Representatives of the Indian independence movement invited Tibetan delegates to the 1947 Asian Relations Conference in New Delhi, which hosted Asian states and Asian independence movements, and the delegates were allowed to display their flag. According to Tibetologist A. Tom Grunfeld, the conference was not government-sponsored, and so Tibet's and the Tibetan flag's presence had "no diplomatic significance". Nonetheless, the Republic of China, also present at the conference, protested Tibet's showing, and in response, the Tibetan flag was removed and conference organizers issued a statement that Jawaharlal Nehru invited the Tibetan delegates "in a personal capacity".
The flag continued to be used in the 1950s under the newly established People's Republic of China, although the flag's status was unclear. Many in the Communist Party of China felt that the usage of the flag indicated separatism, but the Tibetan local government at the time stressed that the flag was an army flag (the Tibetan army continued to exist parallel to People's Liberation Army infantries) and not a national flag. Phuntso Wangye claims that Mao Zedong discussed the flag in 1955 conversation with the 14th Dalai Lama. According to the story, Mao told the Dalai Lama that Zhang Jingwu, Zhang Guohua, and Fan Ming told him that Tibet had a "national flag". The Dalai Lama replied that Tibet had an army flag. Supposedly Mao replied that "you may keep your national flag". There is no official recognition of this conversation in Chinese documents, though.
Even while it was used by the army, few Tibetans in Tibet knew about the 'snow lion' flag, and so when they wanted to protest against the government, they would use a flag that imitated the flag of Chushi Gangdruk instead.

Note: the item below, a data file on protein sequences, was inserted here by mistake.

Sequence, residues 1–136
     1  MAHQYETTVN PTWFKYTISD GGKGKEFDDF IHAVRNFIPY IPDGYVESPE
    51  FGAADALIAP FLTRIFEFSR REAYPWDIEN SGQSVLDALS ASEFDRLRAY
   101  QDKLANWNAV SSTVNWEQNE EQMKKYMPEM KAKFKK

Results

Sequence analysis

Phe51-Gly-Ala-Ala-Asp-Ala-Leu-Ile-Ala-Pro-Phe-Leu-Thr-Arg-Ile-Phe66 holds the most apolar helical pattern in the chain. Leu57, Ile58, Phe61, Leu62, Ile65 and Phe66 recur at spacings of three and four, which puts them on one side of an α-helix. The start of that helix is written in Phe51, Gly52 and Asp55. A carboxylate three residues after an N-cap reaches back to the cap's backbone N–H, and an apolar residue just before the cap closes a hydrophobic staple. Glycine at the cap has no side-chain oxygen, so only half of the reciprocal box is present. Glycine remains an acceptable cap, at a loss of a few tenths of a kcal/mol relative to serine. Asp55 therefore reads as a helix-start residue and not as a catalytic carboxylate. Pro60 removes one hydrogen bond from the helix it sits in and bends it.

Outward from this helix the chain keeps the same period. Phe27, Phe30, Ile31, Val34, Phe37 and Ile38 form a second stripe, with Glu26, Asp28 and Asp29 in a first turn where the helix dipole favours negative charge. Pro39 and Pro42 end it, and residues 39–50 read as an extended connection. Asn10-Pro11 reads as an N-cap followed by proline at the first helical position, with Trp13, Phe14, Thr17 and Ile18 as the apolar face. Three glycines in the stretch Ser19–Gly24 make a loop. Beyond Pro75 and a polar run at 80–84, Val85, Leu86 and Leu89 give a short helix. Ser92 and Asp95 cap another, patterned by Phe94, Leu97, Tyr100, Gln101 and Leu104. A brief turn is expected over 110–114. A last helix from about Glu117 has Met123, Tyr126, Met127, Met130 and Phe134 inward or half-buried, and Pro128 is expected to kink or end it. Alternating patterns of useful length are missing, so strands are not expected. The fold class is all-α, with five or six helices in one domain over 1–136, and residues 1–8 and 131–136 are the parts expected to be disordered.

After the 1959 Tibetan Rebellion, the 14th Dalai Lama left his position as governor of Tibet, denounced the 17-point agreement with the PRC, and established the exile Central Tibetan Administration in India. As part of his project to inculcate pan-Tibetan nationalism (of all Tibetan people and not just those in his previous domain of the Tibet Autonomous Region), he standardized and adopted symbols as nationalist symbols, such as the Lhasa dialect of Tibetan, a Tibetan national anthem, and the flag. According to the Central Tibetan Administration website, the symbolism of the flag includes the mountain representing Tibet, the snow lions of "a unified spiritual and secular life", three-coloured jewel of the Buddha, the Dharma and the Sangha. The flag is popular known as the Snow Lion Flag due to the presence of the two snow lions. The flag was adopted as a symbol of the Tibetan independence movement, and has become known as the "Free Tibet flag". Through the diaspora's and international protesters' use of the flag, it became known and used in protest by the Tibetan public. The flag is banned in mainland China.